If the A3 is dynamically let down anywhere, it’s under the hood. The engine’s note is far from graceful as it churns and winds its way into the upper rev ranges. You need it to get the 3,494-pound car up to speed at elevation — Audi claims a 6.3-second 0-60 mph time with Quattro (a half-second slower than the previous car), and that’s using the surprisingly good launch control start. Yeah, even the base A3 has launch control. Cool? 

We didn’t care much for the A3’s transmission response in Manual mode (downshifts take eons versus the otherwise quick upshifts), so just leave it in the auto sport shifting mode. Audi’s programming is a touch too quick to upshift between corners, but it’s right more times than it’s wrong. Most A3 owners are likely going to be putzing around the city or making their daily commute, so its less-than-thrilling performance isn’t so horrible in the context of significantly better fuel efficiency. Audi made a choice, and it chose high MPG. 

Let’s move on to the tiny Audi you really want, though: the S3, starting at $45,945, or $11,000 more than the A3. If nothing else, know that the S3 is a damn good hoot to wheel up and down a mountain pass. Its 2.0-liter turbocharged four-cylinder cranks out 306 horsepower and 295 pound-feet of torque, besting the last S3 by 18 horses and 15 pounds of twist. There’s no mild-hybrid anything going on here, and though a mini electric boost would be neat, this little sedan is rapid enough on its own. Audi claims a 4.5-second 0-60 mph sprint, which is one tenth quicker than before.

With its power-packed turbo mill, the S3 bolted up and down the Rockies with splendor and superb control. The S3’s dual-clutch responds with the same speed and verve as the engine, as it shoots its way through the rpms to redline over and over again. It’s accomplished enough that we found ourselves sticking it in manual mode most of the drive just to keep enjoying how quickly it responds to inputs. And childishly, we also wanted to hear the manufactured rumbling crackle from the quad exhaust on the overrun with every downshift. The exhaust is undoubtedly “present,” just as Audi terms it in the car’s “Individual” mode settings. And the engine note is sweet, too, as there’s a little more character and pitch change beyond the constant blat, blat of some small turbo engines.

Audi’s done a splendid job dialing in the just right ride/handling balance with the S3, at least in the electronically-controlled damper-equipped car we drove (the optional S sport suspension is new for 2022 and comes in the $1,100 S Sport package). In Comfort mode, the S3’s ride is hardly any worse for wear than the A3’s. That’s excellent, because turned up to its max, the S3 is remarkably good when pushed. Body roll is largely flattened; steering is super precise with a good heft, and its compact footprint makes it super-easy and confidence-inspiring to fling about. We wish the S3 had the same torque-vectoring rear differential as the new Golf R does (it’s an Audi, shouldn’t it at least have the same toys as a Volkswagen?), but its all-wheel-drive system still bolsters the car’s quiet cornering confidence, making its power delivery to the road supremely effective. It never wants to get sideways, but you can loosen the reins a bit using the car’s ESC Sport mode to keep the nannies away.

You’ll be able to tell it’s an S3 by the extra-large honeycombs in the honeycomb grille and side air intakes alongside the rather obvious “S3” badging. It also gets larger standard wheels (19-inchers are the largest optional wheels) that hide big, 14.1-inch cross-drilled front brake rotors. Audi also adds side skirts, a rear lip spoiler and even more honeycombs in back. Parked side-by-side, you’ll also be able to tell the S3 sits 15 mm (0.6 inch) lower than the A3 (or the same height as its optional Sport Suspension). Turbo Blue and Python Yellow are S3-exclusive paint colors, and while we didn’t get to see them in person, they look like the colors to get in Audi’s online configurator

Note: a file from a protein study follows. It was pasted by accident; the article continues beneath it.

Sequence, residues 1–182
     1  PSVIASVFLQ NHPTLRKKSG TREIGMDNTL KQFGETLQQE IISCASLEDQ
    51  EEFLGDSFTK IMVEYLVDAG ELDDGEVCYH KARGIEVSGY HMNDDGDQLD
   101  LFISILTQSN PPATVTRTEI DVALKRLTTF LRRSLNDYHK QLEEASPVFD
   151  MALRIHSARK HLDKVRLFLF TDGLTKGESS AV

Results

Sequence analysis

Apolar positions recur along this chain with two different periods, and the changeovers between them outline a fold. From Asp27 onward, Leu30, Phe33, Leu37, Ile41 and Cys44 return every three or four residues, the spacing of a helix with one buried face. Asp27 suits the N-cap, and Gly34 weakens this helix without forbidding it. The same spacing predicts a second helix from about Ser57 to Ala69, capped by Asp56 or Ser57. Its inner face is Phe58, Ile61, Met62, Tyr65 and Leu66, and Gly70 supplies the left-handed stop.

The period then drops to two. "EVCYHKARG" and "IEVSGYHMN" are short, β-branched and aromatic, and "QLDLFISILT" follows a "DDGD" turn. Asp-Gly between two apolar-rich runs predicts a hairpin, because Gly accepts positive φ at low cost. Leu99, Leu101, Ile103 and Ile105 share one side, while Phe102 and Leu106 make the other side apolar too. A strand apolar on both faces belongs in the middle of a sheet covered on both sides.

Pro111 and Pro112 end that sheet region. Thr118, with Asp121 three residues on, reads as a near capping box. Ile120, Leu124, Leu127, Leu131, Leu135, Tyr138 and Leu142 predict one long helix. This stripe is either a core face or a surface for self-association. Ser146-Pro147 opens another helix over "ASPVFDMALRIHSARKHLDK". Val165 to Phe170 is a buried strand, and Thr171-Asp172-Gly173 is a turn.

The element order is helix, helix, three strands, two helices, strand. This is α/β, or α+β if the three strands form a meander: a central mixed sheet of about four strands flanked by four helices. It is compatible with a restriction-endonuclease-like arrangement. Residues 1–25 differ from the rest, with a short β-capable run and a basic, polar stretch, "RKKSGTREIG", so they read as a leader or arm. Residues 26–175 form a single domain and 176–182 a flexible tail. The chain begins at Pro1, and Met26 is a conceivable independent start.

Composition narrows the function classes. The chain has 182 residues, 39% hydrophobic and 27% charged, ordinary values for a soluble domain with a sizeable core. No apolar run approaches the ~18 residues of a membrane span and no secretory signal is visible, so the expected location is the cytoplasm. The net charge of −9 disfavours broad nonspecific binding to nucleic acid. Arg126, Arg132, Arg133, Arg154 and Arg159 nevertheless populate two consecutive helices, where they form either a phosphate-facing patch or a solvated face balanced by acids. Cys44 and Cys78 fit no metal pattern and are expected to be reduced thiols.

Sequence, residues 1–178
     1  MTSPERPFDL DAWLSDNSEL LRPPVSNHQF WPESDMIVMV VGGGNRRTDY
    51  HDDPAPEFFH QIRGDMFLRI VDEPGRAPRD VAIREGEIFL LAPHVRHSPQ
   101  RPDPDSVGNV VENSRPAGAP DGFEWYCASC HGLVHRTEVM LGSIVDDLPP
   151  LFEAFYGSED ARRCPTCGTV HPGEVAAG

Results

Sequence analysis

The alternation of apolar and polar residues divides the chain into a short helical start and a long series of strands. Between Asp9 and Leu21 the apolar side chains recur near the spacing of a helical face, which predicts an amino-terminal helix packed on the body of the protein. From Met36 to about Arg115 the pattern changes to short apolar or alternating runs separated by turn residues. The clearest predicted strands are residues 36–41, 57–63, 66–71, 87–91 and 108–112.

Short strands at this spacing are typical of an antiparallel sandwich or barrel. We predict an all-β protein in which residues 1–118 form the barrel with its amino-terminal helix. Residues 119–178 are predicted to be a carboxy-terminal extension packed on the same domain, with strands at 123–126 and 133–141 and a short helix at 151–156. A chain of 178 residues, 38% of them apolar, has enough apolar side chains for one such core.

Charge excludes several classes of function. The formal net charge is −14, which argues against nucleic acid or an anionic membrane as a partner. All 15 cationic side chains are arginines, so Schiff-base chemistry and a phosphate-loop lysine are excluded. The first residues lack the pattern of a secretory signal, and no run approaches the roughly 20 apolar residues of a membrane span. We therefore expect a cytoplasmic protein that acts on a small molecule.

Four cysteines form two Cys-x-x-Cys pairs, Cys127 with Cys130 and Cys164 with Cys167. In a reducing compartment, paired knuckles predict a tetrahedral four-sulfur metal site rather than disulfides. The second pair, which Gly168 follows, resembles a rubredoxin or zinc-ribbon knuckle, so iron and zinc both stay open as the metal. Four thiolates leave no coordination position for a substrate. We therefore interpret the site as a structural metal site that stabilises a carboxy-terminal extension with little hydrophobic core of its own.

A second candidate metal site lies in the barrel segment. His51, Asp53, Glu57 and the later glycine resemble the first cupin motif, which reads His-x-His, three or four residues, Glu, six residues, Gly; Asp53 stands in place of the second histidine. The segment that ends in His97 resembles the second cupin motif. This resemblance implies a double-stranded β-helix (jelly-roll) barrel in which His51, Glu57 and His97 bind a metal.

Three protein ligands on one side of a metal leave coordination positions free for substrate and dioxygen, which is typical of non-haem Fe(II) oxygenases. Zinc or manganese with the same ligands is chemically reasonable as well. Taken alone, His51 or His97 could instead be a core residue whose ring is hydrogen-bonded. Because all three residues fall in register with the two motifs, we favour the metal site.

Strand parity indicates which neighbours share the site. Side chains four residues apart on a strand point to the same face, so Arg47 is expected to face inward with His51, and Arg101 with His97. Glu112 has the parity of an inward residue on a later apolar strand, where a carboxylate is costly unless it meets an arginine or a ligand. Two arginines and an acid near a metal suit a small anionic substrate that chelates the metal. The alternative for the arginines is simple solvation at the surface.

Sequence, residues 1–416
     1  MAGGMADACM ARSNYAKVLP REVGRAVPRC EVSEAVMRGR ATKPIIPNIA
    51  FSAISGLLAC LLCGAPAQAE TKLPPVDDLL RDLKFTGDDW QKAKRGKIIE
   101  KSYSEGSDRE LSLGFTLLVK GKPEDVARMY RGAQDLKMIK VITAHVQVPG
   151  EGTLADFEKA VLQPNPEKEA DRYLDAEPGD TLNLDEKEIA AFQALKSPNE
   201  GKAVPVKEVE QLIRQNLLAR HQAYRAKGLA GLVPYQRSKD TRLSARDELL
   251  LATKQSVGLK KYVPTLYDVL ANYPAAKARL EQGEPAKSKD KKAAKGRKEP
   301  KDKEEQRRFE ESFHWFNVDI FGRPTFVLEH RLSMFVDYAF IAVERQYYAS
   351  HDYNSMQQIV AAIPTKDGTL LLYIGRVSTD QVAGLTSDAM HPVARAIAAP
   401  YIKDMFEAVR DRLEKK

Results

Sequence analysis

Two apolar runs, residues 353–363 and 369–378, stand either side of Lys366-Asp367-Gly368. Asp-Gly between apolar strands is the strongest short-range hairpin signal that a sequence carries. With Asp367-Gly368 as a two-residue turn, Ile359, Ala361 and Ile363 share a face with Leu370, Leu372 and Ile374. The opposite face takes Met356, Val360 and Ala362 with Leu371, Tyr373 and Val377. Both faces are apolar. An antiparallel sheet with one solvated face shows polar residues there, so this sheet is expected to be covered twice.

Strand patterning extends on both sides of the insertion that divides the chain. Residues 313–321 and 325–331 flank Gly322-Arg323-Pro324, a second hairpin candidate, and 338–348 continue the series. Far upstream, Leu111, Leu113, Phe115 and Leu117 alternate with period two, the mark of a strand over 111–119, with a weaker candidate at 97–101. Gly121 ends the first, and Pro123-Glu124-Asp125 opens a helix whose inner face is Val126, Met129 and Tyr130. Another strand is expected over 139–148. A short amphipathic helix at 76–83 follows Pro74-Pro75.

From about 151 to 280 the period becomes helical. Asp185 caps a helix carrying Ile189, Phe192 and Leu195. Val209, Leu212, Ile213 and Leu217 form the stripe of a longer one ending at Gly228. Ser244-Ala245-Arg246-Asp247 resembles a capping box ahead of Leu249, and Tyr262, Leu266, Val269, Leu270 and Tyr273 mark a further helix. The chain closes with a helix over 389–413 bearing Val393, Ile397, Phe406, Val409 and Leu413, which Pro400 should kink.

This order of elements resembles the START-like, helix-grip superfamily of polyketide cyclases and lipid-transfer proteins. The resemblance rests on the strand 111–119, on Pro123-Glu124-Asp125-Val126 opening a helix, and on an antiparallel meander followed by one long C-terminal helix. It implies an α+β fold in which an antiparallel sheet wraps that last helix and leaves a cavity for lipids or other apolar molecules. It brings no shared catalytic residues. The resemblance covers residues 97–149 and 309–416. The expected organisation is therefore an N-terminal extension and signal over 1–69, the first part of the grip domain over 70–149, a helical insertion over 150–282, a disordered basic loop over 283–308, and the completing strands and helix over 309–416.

The interior adds the usual S-car gear. Nicely bolstered sport seats pair nicely with a better and sportier-looking steering wheel. Plus, you can spec either aluminum or carbon trim, both of which are unavailable on the S3. General materials quality is nice where it matters, but it’s obvious that Audi is saving some money in some areas where we find pretty rough, hard black plastic. The old car might’ve been nicer in this regard.

Per usual for Audi, there’s no shortage of tech abounding in both the A3 and S3. A 10.1 touchscreen and 10.3-inch digital cluster come standard, but you can spec the cluster screen up to a 12.3-inch unit via the options list. Audi didn’t tack on the additional climate control screen we’ve seen in plenty of its other models, and we’re fine with that, as the physical climate controls are easy and intuitive to use. Standard driver assistance options are disappointingly limited to forward-collision and lane-departure warning systems — you need to spend extra if you want blind-spot and rear cross-traffic warning, lane-keeping assist or adaptive cruise control with lane-centering.

This A3/S3 combo ultimately lands right into the sandbox we were expecting them to. It’s a fashion-forward sedan for a respectable price, and contains many of the features and tech you’d see on much more expensive Audis. The S3 is no surprise, either. It’s more livable and dialed back versus the Mercedes-AMG A 35 or CLA 35, but it’ll still heartily mix it up with both those cars. Audi put together a super-competent, spunky A3. And the S3 is a car any enthusiast could jump out of and say they had a blast. Now, we just have to wait impatiently for the five-cylinder.